Security is a Growing Concern for the Internet of Things
The piece of malware being blamed for recent service outages is known as “Mirai” and has been shown to be a low-quality, unfinished piece of software. With a dictionary of common device passwords bundled in the code, the program can cast a wide net and capture potentially limitless numbers of devices that can then be used to pour data into a targeted source. Both the high number of IoT devices and low security barriers make it a prime candidate as an ignorant collaborator. The growth in tracking and convenience services in industries like trucking, automotive manufacturing, and personal devices like tablets have opened new vulnerabilities for hackers to exploit. From tracking user locations without their knowledge to stealing valuable information like credit card and social security numbers, users are waking up to the need for security in IoT. Even worse, medical devices like insulin pumps are hackable, with potential for real-life health consequences.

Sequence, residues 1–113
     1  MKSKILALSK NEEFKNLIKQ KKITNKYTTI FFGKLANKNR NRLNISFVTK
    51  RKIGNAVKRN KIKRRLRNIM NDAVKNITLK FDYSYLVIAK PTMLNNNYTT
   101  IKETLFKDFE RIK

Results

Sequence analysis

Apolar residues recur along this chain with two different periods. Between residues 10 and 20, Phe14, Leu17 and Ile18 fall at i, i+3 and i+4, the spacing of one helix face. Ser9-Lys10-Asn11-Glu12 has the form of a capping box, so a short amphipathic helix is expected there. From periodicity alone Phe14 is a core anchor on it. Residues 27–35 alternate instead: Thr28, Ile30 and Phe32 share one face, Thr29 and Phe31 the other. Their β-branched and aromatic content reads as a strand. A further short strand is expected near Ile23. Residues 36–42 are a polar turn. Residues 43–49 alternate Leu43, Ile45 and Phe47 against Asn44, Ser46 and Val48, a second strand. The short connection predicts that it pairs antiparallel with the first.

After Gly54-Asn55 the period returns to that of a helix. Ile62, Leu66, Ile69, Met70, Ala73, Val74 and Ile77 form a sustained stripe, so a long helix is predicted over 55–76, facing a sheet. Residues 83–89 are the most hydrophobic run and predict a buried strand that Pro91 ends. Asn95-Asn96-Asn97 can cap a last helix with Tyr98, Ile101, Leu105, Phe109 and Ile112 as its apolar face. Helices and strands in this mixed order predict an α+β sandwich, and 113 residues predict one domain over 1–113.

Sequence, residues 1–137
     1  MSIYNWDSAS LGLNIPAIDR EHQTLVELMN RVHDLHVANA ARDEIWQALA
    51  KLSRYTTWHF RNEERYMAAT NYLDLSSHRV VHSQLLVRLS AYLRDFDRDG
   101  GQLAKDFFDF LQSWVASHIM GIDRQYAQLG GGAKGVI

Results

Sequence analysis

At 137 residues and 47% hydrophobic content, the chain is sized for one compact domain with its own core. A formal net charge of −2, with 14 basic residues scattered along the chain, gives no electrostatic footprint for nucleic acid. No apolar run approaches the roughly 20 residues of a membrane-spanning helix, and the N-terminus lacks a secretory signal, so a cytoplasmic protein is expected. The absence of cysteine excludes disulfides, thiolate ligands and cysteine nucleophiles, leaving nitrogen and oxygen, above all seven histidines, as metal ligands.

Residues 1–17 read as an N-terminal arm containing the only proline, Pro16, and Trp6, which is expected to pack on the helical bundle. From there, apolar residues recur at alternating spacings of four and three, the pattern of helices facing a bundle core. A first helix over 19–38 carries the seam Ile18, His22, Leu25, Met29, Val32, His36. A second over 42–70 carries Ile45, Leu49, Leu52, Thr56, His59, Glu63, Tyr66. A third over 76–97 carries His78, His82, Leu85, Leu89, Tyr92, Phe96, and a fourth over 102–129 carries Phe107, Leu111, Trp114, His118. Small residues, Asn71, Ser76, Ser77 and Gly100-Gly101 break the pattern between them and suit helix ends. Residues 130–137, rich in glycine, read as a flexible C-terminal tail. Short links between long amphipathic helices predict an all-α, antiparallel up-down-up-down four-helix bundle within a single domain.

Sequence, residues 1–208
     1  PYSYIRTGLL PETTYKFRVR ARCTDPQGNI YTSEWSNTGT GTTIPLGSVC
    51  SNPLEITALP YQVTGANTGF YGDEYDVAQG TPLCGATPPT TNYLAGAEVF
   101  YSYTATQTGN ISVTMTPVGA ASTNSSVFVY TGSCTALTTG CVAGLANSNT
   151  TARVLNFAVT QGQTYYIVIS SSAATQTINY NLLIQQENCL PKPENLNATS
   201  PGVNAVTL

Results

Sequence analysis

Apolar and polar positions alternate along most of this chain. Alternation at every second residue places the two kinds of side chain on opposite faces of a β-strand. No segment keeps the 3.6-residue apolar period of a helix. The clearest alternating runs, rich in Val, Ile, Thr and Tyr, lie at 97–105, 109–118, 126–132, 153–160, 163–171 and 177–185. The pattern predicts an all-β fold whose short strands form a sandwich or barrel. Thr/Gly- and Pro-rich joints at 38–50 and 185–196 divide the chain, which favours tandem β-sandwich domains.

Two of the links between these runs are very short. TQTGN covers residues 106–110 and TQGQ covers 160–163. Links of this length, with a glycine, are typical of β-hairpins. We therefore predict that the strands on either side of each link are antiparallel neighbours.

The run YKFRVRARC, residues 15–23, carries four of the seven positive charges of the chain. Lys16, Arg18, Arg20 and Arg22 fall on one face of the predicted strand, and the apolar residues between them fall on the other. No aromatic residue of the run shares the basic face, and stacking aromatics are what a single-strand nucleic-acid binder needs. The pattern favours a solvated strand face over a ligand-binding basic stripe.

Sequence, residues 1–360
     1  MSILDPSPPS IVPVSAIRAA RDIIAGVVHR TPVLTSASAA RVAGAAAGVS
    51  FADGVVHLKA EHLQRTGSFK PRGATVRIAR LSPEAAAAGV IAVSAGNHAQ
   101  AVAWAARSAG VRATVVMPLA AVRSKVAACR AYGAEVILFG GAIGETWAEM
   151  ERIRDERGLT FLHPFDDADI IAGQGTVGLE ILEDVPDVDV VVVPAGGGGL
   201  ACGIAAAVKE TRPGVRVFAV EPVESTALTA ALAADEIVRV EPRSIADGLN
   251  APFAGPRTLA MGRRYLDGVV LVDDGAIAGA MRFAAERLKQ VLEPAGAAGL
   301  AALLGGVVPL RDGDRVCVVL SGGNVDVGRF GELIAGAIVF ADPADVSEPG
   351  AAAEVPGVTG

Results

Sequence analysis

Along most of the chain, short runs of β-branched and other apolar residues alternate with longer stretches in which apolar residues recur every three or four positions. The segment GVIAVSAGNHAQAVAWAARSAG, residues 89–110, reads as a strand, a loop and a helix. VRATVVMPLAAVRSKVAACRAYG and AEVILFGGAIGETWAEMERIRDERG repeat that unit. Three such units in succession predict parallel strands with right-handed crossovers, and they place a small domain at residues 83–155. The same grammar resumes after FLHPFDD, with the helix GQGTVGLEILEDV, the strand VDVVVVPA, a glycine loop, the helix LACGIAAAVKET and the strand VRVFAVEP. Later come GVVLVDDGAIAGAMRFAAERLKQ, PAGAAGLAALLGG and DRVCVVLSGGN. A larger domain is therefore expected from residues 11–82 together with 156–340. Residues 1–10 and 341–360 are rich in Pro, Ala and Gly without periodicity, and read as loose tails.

Users in all industries should change the passwords of as many devices connected to IoT as possible to avoid being easy prey for password dictionaries like Mirai’s. Establish firewalls for devices as well, and keep up with updates. A single system vulnerability can endanger many devices connected to it. As IoT grows more and more popular, so should user awareness of the risks and dangers of insecure devices.
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